If you want to argue the greens are severe, I'll agree and applaud at the same time. Every memorable course has its quirks. There's a bunker in the middle of the sixth green at Riviera and have you checked the putting surfaces at Augusta National? The greens at TPC Sawgrass are unique and are part of what makes the course so special.

The History: Year after year we return to Ponte Vedra Beach and the memories build. The Open Rota makes us wait seven years to visit St. Andrews and the U.S. Open goes to Pebble Beach once every decade. The yearly visit to TPC Sawgrass makes the event more memorable as fans recall shots from the past and players apply experience to their approaches.

It all leads to a higher level of competition.

In the interest of total disclosure, I should tell you I am a contract employee of the PGA TOUR. I have never been given an organization manual, but I imagine Tim Finchem won't have a problem with any of my reasoning.

Taking the company line doesn't always make you a sycophant; sometimes it just makes you right.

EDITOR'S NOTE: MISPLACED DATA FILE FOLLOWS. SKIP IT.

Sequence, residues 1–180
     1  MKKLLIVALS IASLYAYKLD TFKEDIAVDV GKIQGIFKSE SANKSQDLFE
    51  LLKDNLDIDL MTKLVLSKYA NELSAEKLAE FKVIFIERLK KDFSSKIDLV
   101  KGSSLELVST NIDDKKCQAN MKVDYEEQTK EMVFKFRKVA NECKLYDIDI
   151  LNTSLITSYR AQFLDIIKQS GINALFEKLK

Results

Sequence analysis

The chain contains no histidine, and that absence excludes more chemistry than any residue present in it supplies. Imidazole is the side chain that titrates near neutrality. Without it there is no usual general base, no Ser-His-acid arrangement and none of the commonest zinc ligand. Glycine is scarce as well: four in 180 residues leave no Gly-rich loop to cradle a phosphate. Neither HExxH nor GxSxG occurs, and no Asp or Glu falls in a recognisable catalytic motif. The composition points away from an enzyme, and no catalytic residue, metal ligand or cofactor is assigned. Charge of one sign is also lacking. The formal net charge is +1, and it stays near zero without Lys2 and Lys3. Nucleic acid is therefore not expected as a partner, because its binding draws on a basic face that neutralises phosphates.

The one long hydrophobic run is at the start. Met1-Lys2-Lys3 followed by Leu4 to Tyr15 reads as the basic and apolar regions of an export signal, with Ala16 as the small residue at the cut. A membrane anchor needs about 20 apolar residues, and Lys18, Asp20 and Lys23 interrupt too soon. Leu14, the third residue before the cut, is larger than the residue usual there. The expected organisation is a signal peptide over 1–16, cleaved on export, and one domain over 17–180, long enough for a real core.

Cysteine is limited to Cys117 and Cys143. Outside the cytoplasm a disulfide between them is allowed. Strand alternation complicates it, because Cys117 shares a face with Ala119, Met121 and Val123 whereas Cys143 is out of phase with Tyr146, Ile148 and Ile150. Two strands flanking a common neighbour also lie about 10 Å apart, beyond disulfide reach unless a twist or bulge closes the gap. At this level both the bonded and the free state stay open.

THE PLAYERS is the best tournament of the PGA TOUR season. Let's enjoy the week.

Observations

Conditions: That was money well spent. Back in 2007, the course received an overhaul with most of the changes coming underground in the form of drainage. TPC Sawgrass received enough rain this weekend to cover the land bridge leading to the 17th green, and yet it will play at championship level. The drainage system handled the overflow wonderfully. I don't think the Florida humidity will ever allow the course to play extremely firm and fast but TPC Sawgrass will be at championship level this week despite the rain.

Suggestion: Nobody asked and nobody will care, but I think the 18th would be a better hole if you eliminated the rough from the right side of the fairway. It would allow players to attempt a risky recovery shot. Leave the tree in the right rough landing area that forces a player to start a shot out over the water and cut it back onto the green. From a good lie, a player would be tempted to hit that shot. It would provide more drama than a 50-yard chip-out from the rough.